I compared this situation with those of some European countries where sex workers were mostly mature, assertive adults capable of organizing themselves into semi-unions. However, these bar girls had barely crossed the threshold from childhood to womanhood. From their perspective, the grand vision of the feminist movement about empowerment for young women seemed out of reach. In the eyes of Thai society, prostitutes are so-called “bad girls” who lived in a world of drugs and crime that was largely hidden from sight.

Nevertheless, a few women’s groups are working to shed light on an underground world of crime, kidnapping, and rape. Their actions are beginning to attract public attention. Prostitution is officially illegal, but enforcing the law is another matter. There are networks of sex slave traders who have cast their nets across Thailand’s hill tribes and poorer northern regions to entrap more girls. Some of the victims are as young as ten years old. The age slips lower as the AIDS epidemic progresses and the demand for virgins increases.

Feminists report the there are two underlying causes of prostitution: poverty and efficient sex trafficking organizations. Impoverished rural parents sell their daughters under the guise of paying a job broker as low as $200 to help girls find a job in a city. However, the broker is actually trafficking girls from rural villages to cities. Under changing hands many times, the victims may find themselves in tearooms as child prostitutes. Later, they are moved into the bars and massage parlors to service international tourists and businessmen.

Clients from Germany, France, and England have been lured by ads. One ad was posted by a Swiss travel group: “Slim, sun-burnt and sweet, [Thai prostitutes] love the white man in an erotic and devoted way. They are masters of the art of making love by nature, an art that we Europeans do not know.” Japanese, Chinese, Thai, and Arab businesses also entertain at establishments where customers can step into rooms in the back for a little “special treatment.”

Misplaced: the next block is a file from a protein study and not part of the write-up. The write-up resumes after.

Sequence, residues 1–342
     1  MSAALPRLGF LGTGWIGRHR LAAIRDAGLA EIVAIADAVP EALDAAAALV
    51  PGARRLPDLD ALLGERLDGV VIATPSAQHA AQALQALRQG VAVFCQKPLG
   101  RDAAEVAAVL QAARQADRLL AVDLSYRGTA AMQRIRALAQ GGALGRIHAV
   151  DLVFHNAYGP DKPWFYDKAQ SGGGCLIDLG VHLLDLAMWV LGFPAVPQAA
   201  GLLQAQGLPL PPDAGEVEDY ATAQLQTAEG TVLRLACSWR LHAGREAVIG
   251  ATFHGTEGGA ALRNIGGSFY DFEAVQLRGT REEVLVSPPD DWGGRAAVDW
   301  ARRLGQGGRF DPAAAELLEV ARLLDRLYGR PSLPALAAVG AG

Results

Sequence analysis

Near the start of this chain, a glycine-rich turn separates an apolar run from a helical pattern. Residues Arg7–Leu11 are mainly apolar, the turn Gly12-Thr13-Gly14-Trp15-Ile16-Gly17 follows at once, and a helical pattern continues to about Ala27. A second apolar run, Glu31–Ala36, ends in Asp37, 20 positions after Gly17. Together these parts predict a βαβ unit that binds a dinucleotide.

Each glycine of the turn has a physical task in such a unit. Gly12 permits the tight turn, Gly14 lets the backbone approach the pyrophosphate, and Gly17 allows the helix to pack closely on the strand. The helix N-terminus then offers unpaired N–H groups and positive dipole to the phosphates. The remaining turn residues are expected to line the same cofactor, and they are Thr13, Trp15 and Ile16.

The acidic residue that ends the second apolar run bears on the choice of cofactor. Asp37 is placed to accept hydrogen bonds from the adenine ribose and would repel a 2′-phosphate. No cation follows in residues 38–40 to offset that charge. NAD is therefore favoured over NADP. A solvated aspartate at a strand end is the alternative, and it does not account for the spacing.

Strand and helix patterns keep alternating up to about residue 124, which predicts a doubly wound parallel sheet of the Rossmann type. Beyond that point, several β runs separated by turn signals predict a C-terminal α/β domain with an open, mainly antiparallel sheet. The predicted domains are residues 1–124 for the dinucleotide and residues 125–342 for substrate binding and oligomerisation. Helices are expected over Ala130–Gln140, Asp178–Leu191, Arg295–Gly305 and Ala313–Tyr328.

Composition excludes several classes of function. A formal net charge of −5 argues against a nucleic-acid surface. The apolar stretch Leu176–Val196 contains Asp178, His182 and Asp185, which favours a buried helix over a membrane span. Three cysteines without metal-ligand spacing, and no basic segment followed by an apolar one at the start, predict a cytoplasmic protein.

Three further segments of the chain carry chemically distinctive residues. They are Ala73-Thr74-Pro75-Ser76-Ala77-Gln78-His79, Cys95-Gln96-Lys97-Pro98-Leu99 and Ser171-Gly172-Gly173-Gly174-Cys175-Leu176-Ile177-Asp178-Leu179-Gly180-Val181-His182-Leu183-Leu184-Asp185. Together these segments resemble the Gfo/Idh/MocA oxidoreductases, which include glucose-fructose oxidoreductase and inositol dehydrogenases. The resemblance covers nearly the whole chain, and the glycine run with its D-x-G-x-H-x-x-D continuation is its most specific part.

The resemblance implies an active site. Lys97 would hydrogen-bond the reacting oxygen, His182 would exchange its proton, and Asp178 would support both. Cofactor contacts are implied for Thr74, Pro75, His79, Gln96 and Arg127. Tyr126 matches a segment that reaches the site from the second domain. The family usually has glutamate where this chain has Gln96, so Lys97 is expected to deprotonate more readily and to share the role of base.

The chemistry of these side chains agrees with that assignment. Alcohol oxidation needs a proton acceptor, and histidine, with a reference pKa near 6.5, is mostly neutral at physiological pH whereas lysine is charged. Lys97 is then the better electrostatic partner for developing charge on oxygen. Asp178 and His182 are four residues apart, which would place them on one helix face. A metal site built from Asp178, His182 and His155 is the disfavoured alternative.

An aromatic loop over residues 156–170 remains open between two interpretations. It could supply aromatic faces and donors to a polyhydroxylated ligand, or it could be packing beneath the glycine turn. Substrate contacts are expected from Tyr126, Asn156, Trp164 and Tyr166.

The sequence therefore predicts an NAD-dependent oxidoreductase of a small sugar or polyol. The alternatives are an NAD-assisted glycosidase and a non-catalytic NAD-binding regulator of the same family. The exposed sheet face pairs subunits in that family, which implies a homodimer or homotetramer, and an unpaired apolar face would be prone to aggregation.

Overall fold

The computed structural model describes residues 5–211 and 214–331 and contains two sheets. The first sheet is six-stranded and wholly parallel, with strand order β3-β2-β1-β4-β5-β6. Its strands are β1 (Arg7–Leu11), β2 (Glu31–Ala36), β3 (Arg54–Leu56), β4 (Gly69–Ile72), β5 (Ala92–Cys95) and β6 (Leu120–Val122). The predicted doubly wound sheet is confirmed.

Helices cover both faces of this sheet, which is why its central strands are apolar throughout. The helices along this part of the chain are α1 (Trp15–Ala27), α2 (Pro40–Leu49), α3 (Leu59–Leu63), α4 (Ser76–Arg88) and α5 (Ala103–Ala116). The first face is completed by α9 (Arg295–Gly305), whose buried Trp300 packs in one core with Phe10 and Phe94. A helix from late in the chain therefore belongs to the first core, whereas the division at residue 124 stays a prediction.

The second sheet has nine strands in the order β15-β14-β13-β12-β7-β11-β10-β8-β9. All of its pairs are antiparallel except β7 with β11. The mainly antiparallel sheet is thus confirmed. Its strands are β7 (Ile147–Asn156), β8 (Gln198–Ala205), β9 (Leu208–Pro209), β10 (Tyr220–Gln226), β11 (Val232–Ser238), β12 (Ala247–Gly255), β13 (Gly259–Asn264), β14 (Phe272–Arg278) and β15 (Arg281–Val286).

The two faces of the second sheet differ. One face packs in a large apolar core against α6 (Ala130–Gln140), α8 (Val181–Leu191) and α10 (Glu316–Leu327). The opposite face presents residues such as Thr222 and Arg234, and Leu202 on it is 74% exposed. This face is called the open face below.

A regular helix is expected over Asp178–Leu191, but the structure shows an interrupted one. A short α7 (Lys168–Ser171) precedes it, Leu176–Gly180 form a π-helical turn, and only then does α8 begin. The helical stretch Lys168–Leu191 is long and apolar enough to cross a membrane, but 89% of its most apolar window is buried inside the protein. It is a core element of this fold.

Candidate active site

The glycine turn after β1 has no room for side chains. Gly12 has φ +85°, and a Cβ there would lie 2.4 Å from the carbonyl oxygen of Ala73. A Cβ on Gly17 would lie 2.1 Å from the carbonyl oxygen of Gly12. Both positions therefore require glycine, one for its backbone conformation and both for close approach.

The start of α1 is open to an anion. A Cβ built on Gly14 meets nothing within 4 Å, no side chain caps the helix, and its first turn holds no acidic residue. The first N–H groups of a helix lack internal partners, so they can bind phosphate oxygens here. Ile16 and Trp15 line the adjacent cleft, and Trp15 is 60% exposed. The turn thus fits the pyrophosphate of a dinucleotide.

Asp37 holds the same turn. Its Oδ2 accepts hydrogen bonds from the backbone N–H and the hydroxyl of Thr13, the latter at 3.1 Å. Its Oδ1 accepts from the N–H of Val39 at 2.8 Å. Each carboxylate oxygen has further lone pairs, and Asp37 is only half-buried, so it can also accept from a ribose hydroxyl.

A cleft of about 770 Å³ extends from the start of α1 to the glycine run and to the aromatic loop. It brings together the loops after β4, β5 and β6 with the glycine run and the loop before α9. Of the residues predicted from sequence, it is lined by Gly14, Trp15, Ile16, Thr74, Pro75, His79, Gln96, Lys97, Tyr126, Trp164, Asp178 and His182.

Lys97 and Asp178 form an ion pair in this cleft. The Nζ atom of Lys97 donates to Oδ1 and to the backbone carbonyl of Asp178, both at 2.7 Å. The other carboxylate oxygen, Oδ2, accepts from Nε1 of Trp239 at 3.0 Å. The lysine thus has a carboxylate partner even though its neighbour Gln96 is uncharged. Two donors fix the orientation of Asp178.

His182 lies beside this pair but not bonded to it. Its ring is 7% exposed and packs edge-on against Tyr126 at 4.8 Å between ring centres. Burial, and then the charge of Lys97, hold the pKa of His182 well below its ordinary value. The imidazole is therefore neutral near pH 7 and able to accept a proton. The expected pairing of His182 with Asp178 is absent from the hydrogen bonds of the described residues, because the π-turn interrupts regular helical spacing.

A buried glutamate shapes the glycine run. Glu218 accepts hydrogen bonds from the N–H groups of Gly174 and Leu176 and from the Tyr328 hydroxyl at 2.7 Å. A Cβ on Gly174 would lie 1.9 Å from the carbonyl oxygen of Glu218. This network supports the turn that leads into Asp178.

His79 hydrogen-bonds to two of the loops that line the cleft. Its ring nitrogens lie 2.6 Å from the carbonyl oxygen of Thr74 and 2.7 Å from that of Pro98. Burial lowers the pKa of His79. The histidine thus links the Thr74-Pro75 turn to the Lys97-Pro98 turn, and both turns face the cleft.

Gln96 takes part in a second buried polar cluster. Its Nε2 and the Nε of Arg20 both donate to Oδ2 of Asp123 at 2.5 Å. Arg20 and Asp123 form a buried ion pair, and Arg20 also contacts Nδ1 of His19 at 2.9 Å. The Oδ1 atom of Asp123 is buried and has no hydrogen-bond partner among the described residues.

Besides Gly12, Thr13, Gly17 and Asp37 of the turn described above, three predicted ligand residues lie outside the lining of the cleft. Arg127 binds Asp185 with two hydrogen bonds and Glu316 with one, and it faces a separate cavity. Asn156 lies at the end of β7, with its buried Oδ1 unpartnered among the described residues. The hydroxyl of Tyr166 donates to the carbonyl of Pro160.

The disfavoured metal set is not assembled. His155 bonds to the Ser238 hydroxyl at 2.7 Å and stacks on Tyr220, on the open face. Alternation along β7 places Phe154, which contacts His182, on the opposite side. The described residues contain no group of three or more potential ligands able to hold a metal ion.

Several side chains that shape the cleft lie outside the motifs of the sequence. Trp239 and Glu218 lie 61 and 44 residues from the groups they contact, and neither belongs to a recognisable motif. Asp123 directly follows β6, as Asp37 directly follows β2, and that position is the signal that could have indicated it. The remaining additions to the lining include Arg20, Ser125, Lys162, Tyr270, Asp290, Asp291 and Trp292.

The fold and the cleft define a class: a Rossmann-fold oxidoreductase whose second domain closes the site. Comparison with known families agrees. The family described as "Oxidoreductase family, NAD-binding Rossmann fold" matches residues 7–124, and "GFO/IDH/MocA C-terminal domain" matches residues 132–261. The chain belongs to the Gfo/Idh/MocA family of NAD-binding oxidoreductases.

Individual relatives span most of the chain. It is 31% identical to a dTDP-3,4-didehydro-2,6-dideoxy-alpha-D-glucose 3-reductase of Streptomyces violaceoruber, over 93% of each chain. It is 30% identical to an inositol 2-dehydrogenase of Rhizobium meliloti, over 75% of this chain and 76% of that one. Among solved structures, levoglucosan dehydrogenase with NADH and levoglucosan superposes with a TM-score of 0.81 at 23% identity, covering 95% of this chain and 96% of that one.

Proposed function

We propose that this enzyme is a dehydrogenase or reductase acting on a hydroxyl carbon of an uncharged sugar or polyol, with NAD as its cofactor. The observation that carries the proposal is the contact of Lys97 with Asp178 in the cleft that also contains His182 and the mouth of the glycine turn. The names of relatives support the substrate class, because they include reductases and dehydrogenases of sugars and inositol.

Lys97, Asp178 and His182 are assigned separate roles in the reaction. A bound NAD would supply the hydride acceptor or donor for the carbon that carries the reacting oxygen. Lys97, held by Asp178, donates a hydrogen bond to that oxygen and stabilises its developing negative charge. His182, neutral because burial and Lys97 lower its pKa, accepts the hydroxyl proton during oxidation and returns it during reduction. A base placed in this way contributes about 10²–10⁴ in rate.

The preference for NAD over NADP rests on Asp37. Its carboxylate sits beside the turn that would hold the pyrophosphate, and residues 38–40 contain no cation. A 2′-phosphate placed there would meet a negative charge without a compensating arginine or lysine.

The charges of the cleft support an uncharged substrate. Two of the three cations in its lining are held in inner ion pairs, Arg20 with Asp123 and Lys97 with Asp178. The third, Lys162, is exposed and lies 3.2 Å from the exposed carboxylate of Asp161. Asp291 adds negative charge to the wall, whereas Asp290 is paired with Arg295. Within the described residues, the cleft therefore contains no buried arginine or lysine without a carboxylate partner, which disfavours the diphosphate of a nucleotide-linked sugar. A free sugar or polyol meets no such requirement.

The tragedy of prostitution in many countries, such as the Philippines, Korea and Indonesia, is that the victims have often been blamed for the AIDS epidemic. Sex workers are portrayed as the new Typhoid Marys who carry the HIV virus. Health campaigns often focus exclusively on the health education, control, and surveillance of prostitutes, rather than that of their male clients. If this was not enough, improved surveillance among prostitutes has meant that those who contract the virus lose their jobs without health insurance or job compensation to cushion the financial blow.

It is time to stop blaming the victims. Women activists have called for more legal action and health education directed at the organizers of sex trafficking and male clients. More concerted action is needed because the HIV/AIDS epidemic kills the most vulnerable women and girls. More women than men have AIDS worldwide, and UNAIDS reports that HIV prevalence among female sex workers ranged from 6.1 percent in Latin America to 36.9 percent in sub-Saharan Africa.

Let me end my story with a reminder of how rural poverty lies at the heart of the matter. Several months after my Patpong visit, I traveled to a poor northeast region near the Laotian border. I met a couple on their farm who were caring for a young child. They told me that she belonged to their daughter and that she did not have a father to take care of her. Then, they told me proudly of their beautiful daughter and how she left to find work in the city at a big restaurant. I asked the name of the restaurant, since I would go back to Bangkok and might take their greetings to her. They said that they didn’t know, but the job must have paid very well, since she sent money home every month.

I looked at the child and remembered the bar girls in Patpong. I told the couple that perhaps I will meet their daughter in the city, but I did not say where it might be­­­­—in a restaurant, bar, or hospital for AIDS patients.